Nathanael Greene

Revolutionary war hero Nathanael Greene was born on August 7, 1742, at Potowomut in Warwick, Rhode Island. Before the Revolution, Greene managed his father’s iron foundries and is said to have served in the Rhode Island colonial legislature. Self-trained in military tactics and science, he was instrumental in the formation of a unit known as the Kentish Guards in October 1774, serving as a private until his commission in May 1775 as a brigadier general in the Rhode Island Army of Observation. In June of the same year he was commissioned with the same rank in the Continental Army with command of troops during the siege of Boston in 1775 and 1776.

Gen. N. Greene/Edwin sc. Between 1800 and 1850 (?). From the original painting by C. W. Peale in the Philadelphia Museum. Prints & Photographs Division.

After taking command of the troops on Long Island in 1776, he was commissioned by George Washington as major general in August 1776 but saw little action due to a severe illness. For the next four years, General Greene participated in the battles of Trenton and Princeton, endured the winter of 1777-78 at Valley Forge, and served as quartermaster general while continuing to serve in the field.

Prior to taking command of the southern campaign of 1780-82, General Greene was commander of West Point, replacing the disgraced Benedict Arnold. During this period, he presided over the trial and execution of Major John André.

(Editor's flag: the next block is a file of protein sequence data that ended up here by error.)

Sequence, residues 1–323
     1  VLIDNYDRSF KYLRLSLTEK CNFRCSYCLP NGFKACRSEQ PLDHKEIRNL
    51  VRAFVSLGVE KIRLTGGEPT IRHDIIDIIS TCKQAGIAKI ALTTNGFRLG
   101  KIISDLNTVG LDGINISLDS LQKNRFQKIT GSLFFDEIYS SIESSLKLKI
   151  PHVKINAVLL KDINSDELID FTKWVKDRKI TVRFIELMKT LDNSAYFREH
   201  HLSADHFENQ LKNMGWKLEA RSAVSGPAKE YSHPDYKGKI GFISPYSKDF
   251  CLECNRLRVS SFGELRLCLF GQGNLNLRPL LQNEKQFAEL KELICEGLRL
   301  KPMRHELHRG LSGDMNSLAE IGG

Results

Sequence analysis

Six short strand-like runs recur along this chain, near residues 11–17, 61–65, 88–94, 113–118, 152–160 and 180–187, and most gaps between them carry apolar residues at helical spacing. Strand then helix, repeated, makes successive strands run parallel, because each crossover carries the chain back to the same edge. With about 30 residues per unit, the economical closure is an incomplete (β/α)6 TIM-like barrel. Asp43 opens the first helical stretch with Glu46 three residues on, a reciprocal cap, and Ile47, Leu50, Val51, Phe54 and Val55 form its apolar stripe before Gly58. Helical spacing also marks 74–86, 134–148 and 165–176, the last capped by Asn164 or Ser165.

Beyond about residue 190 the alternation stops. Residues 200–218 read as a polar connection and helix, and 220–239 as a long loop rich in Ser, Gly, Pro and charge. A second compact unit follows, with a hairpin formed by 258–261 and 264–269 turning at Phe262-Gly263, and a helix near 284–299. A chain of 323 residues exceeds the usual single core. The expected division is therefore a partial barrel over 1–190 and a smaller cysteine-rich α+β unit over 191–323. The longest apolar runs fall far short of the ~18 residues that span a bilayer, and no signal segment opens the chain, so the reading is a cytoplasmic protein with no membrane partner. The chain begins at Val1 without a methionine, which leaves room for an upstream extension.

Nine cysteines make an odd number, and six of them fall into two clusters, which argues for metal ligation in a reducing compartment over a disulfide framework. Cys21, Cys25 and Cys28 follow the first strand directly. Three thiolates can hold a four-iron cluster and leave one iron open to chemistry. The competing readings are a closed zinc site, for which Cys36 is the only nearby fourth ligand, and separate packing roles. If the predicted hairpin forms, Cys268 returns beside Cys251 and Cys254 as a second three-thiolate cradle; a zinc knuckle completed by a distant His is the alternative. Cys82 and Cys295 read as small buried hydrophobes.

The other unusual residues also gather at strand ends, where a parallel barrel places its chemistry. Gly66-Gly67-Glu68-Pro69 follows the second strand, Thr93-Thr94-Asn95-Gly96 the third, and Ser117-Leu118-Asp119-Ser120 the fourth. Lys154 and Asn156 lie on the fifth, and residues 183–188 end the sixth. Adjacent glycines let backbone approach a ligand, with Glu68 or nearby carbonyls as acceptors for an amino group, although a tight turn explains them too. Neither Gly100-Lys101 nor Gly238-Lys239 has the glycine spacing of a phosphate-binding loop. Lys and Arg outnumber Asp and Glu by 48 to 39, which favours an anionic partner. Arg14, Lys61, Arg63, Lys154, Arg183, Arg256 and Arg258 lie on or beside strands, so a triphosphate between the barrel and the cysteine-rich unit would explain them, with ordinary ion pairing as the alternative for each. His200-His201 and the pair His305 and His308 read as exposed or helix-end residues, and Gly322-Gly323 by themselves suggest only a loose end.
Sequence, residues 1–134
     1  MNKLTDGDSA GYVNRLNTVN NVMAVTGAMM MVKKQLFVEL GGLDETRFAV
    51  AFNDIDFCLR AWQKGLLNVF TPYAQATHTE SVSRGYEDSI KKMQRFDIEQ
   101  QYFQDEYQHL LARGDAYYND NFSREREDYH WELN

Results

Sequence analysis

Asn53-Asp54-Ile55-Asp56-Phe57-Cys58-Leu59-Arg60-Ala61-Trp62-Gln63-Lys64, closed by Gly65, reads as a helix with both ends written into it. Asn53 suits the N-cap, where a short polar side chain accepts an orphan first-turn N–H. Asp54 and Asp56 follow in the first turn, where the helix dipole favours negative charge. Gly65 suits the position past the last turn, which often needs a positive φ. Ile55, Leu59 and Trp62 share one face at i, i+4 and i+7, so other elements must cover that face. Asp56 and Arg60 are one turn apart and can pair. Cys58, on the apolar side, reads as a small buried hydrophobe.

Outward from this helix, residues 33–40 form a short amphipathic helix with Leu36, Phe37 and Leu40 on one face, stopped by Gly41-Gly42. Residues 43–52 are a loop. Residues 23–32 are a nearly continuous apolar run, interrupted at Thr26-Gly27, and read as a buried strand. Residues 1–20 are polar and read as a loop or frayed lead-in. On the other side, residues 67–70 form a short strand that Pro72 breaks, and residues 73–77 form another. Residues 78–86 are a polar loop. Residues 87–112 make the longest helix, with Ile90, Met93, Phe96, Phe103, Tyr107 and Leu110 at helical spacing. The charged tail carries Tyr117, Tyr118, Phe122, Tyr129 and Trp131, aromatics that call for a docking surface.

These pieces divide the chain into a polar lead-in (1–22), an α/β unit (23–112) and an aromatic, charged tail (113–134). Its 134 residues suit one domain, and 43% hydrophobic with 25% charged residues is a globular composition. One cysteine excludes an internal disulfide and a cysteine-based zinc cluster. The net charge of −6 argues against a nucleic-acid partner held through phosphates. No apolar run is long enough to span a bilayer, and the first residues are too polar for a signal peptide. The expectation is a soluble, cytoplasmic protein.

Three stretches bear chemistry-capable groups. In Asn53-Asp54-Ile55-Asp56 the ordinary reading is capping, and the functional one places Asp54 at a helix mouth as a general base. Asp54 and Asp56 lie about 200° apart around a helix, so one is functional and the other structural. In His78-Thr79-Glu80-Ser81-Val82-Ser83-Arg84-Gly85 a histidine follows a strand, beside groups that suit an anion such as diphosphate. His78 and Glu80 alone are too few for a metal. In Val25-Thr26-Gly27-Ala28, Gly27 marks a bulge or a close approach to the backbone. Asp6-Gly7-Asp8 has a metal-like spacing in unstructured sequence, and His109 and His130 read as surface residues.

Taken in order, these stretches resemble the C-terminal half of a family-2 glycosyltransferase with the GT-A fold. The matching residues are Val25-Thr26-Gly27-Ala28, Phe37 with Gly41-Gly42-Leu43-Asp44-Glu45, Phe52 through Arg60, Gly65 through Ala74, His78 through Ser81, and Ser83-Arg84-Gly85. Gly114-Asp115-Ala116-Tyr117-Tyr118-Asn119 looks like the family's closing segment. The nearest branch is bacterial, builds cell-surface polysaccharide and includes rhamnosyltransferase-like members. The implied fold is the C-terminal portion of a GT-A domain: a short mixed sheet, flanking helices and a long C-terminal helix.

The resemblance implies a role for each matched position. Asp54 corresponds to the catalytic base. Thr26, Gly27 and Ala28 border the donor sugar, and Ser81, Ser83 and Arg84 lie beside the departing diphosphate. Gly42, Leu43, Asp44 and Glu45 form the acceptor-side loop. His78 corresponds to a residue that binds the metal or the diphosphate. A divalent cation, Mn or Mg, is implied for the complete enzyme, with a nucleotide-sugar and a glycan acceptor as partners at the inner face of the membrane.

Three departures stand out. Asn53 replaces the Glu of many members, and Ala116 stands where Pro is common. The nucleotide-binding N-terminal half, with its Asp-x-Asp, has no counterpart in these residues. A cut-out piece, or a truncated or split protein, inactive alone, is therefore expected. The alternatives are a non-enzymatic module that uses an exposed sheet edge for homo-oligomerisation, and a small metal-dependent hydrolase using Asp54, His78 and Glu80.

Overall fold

Plan of the operations of General Washington, against the Kings Troops in New Jersey…. William Faden; London, 1777. American Revolution and Its Era: Maps and Charts of North America and the West Indies, 1750 to 1789. Geography & Map Division.

In January 1781, Greene contributed significantly to the defeat of British General Lord Cornwallis at Cowpens, South Carolina. Greene forced Cornwallis, whose army far outnumbered the Americans, to divide his troops and defend his territory on two fronts. The British subsequently retreated to Charleston, where they remained until Cornwallis surrendered to Washington at Yorktown, Virginia, on October 19, 1781.

Statue of American Revolutionary War Major General Nathanael Greene…. Carol M. Highsmith, photographer, 2010. Highsmith (Carol M.) Archive. Prints & Photographs Division

Greene and Washington remained close friends after the Revolutionary War. Upon Greene’s death in 1786, Washington expressed his deep admiration and affection for Greene by offering to raise his son, George Washington Greene:

I would fain hope…that upon a final settlement of his affairs there will be a handsome competency for Mrs. Greene and the children. But should the case be otherwise, and Mrs. Greene, yourself, and Mr. Rutlidge would think proper to entrust my namesake G: W: Greene to my care, I will give him as good an education as this country (I mean No. America) will afford; I will bring him up to either of the genteel professions that his friends may chuse, or his own inclination shall lead him to pursue, at my own cost and charge.

George Washington to Jeremiah Wadsworth, October 22, 1786, partial manuscript. Series 2 Letterbooks 1754-1799: Letterbook 13. George Washington Papers. Manuscript Division.

After the war, Greene returned to Rhode Island to find his foundry business neglected and his general financial situation precarious. When the state of Georgia honored him for his service to the state with the gift of a plantation, Mulberry Grove, the retired general moved his family south. He also built a cottage at Cumberland Island in Camden County, Georgia. General Greene died of a stroke after walking in the hot sun on June 19, 1786.

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